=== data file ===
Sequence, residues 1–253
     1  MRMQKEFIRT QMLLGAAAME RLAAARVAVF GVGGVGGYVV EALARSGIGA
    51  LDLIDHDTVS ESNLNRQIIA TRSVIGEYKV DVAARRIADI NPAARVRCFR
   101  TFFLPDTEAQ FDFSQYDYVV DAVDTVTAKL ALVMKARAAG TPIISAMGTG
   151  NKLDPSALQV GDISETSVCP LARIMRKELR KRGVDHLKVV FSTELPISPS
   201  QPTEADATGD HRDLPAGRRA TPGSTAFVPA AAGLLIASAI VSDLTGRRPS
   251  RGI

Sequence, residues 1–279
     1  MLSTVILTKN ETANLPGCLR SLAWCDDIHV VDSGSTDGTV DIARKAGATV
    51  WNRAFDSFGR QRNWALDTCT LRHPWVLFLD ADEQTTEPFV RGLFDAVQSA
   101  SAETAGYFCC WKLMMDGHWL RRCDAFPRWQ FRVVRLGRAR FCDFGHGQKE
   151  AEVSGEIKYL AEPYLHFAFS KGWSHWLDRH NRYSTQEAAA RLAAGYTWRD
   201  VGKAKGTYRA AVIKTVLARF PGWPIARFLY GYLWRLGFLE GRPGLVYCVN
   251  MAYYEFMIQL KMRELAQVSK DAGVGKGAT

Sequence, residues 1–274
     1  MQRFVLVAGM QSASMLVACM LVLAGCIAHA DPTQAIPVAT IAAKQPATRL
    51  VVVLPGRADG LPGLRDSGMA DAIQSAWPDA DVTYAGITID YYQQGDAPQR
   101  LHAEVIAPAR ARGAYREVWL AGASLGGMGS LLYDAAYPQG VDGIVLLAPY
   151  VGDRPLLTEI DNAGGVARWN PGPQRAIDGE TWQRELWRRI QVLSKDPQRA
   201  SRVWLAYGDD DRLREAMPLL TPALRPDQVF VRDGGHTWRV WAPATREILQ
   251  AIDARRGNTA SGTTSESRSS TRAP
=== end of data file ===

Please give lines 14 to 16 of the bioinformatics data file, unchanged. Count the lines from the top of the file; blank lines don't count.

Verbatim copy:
   251  MAYYEFMIQL KMRELAQVSK DAGVGKGAT

Sequence, residues 1–274
     1  MQRFVLVAGM QSASMLVACM LVLAGCIAHA DPTQAIPVAT IAAKQPATRL